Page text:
At the multiplex, again, Hay River and KFN evacuees await news

Xiaorong Chen and Wan Yin Yu wait to hear if their restaurant has been affected by the wildfire with friend Zhongren Wang at the Yellowknife multiplex
Xiaorong Chen and Wan Yin Yu wait to hear if their restaurant has been affected by the wildfire with friend Zhongren Wang at the Yellowknife multiplex. Caitrin Pilkington/Cabin Radio

In a scene eerily similar to May 2022, residents from Kátł’odeeche First Nation and Hay River find themselves once again in cots and folding chairs under fluorescent lights, waiting for news.

The Yellowknife multiplex is the official evacuation site for both communities affected by this week’s wildfire, just as it was for last year’s flood. Last year, it opened on May 12. This year? May 15.

With the repeat at least comes a little more experience.

As flooding worsened in 2022, the town’s instructions evolved from ordering evacuees to Hay River’s recreation centre, then to nearby Enterprise’s community hall, and ultimately to Yellowknife’s multiplex.



“This year, our communication was very much to the point: that the evacuation centre would be in Yellowknife,” said Hay River’s senior administrator, Glenn Smith, on Monday.

Whereas many residents fled to High Level last year, this year northern Alberta’s hotels are already at capacity, Smith said, thanks to that region’s many wildfires and evacuations of its own.

But while some parts of the evacuation felt like déjà vu, for Mavis Kalu Klause, this year’s escape had a new intensity.

She woke to an evacuation alert sounding on her phone on Sunday evening, and described joining the convoy of cars heading out of Hay River.



“There were vehicle accidents, cars in the ditch. People got paranoid, I think. Everyone was driving so fast. There were campers just flying out of town,” she said.

Upon arriving in Yellowknife, it hasn’t become any easier to spend the night worrying in an evacuation centre.

“It’s traumatic for people. I heard that the store burned down on the reserve and, you know, a lot of people go to that store. I heard homes have been lost,” Klause said.

“I’m an Elder. I’m 75 years old, I have arthritis in my spine, and they’re asking me to sleep in a cot? I can barely get up out of a chair.”

Rumours abound about what has been lost and where the fire is headed next. So far, the First Nation and NWT government have not been able to formally verify any accounts of damage in the community, beyond stating on Monday morning that around 15 buildings had been hit by the fire in some form.

Wan Yin Yu and Xiaorong Chen, owners of Woodland Wok & Grill in Hay River, are concerned for their restaurant and how to support their employees. They’re not sure if their insurance will cover the loss.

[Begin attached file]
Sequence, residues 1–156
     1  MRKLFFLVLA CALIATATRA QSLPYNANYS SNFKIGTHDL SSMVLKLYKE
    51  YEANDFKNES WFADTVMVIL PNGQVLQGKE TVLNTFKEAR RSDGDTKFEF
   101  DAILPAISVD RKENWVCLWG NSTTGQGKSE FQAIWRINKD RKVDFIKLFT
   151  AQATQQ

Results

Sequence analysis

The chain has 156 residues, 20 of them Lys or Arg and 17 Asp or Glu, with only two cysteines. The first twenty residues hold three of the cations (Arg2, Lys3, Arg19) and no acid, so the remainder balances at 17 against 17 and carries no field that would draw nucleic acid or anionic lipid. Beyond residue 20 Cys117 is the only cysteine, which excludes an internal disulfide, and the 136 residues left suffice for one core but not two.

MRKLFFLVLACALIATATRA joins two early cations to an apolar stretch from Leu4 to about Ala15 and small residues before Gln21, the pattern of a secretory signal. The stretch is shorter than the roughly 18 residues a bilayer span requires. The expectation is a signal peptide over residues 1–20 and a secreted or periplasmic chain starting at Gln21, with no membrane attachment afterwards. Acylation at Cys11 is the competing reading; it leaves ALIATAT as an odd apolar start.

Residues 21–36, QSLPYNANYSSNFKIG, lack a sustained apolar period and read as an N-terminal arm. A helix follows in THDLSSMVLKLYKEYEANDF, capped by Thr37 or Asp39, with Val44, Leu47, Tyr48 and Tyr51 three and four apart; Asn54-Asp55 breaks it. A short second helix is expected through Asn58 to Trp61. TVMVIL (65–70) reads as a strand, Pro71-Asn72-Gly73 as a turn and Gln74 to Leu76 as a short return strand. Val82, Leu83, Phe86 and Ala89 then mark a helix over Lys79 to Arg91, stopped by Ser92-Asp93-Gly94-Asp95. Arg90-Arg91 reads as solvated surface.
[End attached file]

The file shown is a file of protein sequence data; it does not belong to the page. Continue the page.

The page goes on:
“We won’t have any way to make a living if it burns down,” said Chen. “And even if doesn’t, there won’t be revenue coming in while the town is closed. How long will it be until people will want to eat in the restaurant again?”

So far, there is no report of any damage on the town’s side of the river.



“At least we had some idea of what to bring with us, after last year,” offers Zhongren Wang, an electrical engineer at the NWT Power Corporation.

“It’s literally a repeat of last year,” agrees Atanda Norn, who is once again working as an emergency coordinator for Kátł’odeeche First Nation. “But I don’t feel like a rookie any more.”

Last year, Norn organized KFN’s efforts to support residents and predict water movement during the flood. This year, the First Nation and the Dene Nation are coordinating their work to find hotel rooms for Elders and cover the unexpected cost of gas for members.

Atanda Norn outside KFN’s community centre in May 2022. Caitrin Pilkington/Cabin Radio
A bus of evacuees arrives at the multiplex on May 15, 2023. Caitrin Pilkington/Cabin Radio

Norn once again helped families disembark from buses and checked names off lists as they arrived in Yellowknife.

On Sunday, before relocating to Yellowknife, she had watched from the other side of the Hay River as the fire bore down on Kátł’odeeche.

“We watched it go up. The flames were as tall as this building,” Norn said at the multiplex.

“People were screaming. I didn’t know how to feel. But as I left, I was crying. You’re watching your home burn down, and it takes a little while for that to sink in.”

More: Satellite views of Hay River-KFN fire emerge



Like Klause, she described panic on the highway.

“People were going 120, passing on corners. Water’s one thing, but fire’s unpredictable. You watch as the wind blows it one way, then another way. And it moves fast.”

As evacuees continue to make their way to the multiplex, Norn urged caution, particularly as heavy rain moved in around Yellowknife and the highway leading up to it.

“Be safe out there and take care of each other,” she said. “And keep us in your prayers.”